Billy's story. ‘The most important thing to have whilst living on the streets is a sense of humour.... It's the key to life.'
14.01.2019 935 XX
This story was reported on by a Crisis Member who has experienced homelessness themselves, as part of a journalist training opportunity.
‘I'm wearing my suit that I keep wrapped up and neatly folded, so it doesn't get wet or damp. The hardest thing about living on the street is carrying stuff around, I get given too much and have to give stuff away. I've been on the street for 3 years, sleeping on the steps of a theatre for the last 2-3 months.
I took early retirement from being one of the bosses at ICI paints. I used to play golf in England but got arthritis, the heat in Spain cured it. I am a bit of a roamer, I get easily bored. I like to pack up and leave on an adventure. I was living in Benidorm and came back to sort my pension and look after a friend who had a bad accident. We fell out over a petty argument which I would normally overlook, but I was having a bad day and was impetuous and walked out and have been on the streets since then.
My advice to my eighteen-year old self would be - don't make the same mistake twice. I have been married four times. The first time we were too young. I was a bit of a lady’s man but now I am good friends with them all, but they kept the houses.
When living in Benidorm for a seven-year period I was singing in bars and doing karaoke all day, it was very hectic and good fun. I actually started singing 15 years ago, I was in a bar one night with my now ex-wife who was asked to sing karaoke style but couldn't do it. I took over, they liked me, and then started getting jobs by word of mouth. My favourites are the songs of Sinatra, Michael Buble, Elton John and Nat King Cole. It was always my dream to sing but I got married at 18 and had three kids. My happiest memories are of my children when they were small.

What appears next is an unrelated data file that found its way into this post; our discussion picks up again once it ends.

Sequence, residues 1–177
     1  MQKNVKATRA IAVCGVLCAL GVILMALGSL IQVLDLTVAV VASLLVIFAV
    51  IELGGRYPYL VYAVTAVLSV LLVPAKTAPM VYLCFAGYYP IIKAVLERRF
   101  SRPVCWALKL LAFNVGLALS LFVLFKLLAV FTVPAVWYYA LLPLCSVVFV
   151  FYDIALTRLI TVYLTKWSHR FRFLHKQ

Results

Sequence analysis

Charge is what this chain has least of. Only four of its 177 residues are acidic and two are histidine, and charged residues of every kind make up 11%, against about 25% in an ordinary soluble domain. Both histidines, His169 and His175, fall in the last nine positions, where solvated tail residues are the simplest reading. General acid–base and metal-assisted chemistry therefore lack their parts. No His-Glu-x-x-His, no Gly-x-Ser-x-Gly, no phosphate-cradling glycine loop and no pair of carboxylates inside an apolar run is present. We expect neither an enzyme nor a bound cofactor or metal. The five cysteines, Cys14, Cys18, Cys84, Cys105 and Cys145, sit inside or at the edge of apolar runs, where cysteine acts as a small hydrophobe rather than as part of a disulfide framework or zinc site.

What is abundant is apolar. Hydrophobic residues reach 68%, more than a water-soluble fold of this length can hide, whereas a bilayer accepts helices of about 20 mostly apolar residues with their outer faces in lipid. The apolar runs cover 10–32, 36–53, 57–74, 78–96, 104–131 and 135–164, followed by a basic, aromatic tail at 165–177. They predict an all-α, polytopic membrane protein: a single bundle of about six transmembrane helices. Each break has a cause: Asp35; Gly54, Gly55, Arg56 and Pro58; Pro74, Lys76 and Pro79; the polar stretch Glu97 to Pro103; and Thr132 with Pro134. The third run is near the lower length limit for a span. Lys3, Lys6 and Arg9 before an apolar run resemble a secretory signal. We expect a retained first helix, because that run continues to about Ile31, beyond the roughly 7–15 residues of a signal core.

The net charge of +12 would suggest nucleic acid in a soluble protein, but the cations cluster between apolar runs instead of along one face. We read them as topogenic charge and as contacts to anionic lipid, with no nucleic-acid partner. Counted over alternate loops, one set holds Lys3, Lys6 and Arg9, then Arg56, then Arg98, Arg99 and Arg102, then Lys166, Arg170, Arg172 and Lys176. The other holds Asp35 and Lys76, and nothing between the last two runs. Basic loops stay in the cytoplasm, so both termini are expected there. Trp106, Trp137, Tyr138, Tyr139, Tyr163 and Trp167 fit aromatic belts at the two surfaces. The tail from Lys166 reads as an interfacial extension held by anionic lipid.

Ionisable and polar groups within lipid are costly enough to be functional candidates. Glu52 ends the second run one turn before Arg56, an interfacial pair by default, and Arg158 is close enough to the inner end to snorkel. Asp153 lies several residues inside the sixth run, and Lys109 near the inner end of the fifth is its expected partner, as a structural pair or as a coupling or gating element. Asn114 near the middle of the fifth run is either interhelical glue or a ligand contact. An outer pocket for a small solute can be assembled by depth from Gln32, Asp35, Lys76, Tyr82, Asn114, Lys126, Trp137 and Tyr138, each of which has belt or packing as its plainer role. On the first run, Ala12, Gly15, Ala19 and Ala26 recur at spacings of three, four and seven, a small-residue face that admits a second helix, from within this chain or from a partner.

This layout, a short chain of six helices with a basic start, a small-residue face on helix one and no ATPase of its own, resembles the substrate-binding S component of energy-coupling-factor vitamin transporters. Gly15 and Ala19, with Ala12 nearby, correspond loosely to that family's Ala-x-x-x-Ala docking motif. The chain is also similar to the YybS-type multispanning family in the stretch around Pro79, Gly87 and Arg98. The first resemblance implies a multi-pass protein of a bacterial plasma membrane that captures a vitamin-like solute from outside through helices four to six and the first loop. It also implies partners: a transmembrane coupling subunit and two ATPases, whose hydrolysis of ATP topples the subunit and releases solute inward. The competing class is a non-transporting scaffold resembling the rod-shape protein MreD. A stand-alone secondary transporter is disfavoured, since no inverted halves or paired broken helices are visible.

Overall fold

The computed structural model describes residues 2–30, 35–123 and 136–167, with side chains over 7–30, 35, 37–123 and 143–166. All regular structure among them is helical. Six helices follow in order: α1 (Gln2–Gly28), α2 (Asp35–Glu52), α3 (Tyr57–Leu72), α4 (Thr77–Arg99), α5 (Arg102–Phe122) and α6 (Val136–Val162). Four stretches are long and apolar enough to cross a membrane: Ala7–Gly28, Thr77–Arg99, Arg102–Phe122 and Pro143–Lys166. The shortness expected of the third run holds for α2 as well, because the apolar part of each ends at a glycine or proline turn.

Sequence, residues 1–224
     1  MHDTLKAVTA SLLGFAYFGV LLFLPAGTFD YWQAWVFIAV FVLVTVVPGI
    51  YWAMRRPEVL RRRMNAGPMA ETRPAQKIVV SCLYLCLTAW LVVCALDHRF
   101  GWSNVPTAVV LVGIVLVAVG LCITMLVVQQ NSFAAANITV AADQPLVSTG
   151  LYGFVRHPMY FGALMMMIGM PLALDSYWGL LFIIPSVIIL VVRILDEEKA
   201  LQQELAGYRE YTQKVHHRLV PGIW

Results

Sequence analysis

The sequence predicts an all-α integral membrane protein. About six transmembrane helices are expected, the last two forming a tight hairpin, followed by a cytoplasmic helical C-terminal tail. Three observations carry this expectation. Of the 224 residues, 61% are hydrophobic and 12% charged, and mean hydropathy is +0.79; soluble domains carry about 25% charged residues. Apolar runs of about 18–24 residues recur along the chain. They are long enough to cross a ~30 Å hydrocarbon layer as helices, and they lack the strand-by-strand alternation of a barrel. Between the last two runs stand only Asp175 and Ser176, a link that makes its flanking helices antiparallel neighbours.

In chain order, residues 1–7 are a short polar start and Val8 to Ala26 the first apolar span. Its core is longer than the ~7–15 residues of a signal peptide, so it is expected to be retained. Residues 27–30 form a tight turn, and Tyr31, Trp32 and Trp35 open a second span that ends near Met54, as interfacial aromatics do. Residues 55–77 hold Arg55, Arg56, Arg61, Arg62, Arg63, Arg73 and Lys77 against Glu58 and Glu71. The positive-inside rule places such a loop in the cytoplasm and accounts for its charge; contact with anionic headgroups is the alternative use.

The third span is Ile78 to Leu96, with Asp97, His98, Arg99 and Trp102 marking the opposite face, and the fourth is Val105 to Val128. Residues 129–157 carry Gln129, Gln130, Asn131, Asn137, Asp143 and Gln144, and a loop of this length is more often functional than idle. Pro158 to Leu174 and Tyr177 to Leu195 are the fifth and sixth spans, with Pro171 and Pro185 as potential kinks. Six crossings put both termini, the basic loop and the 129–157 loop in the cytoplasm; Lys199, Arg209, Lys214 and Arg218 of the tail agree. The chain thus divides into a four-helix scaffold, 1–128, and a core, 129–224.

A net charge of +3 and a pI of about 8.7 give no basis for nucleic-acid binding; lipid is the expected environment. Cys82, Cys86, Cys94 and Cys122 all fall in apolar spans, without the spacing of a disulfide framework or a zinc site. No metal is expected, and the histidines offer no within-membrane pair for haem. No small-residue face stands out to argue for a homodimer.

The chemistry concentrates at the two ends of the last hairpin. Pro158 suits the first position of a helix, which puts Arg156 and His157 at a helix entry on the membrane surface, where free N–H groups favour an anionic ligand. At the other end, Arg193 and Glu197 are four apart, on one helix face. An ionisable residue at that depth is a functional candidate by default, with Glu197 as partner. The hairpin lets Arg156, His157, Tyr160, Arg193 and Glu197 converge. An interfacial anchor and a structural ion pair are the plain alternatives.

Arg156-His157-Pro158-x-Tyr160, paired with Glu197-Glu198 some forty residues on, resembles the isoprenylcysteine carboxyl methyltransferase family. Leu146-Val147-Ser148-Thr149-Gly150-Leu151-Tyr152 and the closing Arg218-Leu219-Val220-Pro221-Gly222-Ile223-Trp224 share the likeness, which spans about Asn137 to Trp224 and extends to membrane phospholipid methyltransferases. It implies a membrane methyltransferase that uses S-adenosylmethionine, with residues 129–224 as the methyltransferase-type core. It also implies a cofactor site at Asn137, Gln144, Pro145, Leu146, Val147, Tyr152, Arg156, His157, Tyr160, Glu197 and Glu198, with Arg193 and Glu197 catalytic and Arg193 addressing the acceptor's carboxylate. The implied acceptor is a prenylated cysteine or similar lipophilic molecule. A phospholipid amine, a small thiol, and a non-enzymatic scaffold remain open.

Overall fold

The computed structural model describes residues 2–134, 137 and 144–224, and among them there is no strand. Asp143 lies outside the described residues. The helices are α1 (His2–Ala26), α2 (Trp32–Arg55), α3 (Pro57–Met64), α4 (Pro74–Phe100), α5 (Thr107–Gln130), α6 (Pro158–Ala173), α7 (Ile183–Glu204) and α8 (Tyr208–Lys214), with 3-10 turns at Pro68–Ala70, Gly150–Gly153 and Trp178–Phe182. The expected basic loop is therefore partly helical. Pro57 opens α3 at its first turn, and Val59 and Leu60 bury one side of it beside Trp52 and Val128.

My ideal scenario would be to live in a commune in the middle of nowhere, where everyone works together to help out. I’m changing to another place to sleep where someone invited me to join their group. There is safety in numbers as people on their own get picked on, and this time of year get pissed on, by pissed up idiots who don't know what they are doing.
The thing that would help me now is somewhere to live whilst I figure out what to do. The most important thing to have whilst living on the streets is a sense of humour as things can go wrong. It's the key to life.’
Billy, Crisis at Christmas Guest, London, 2018.
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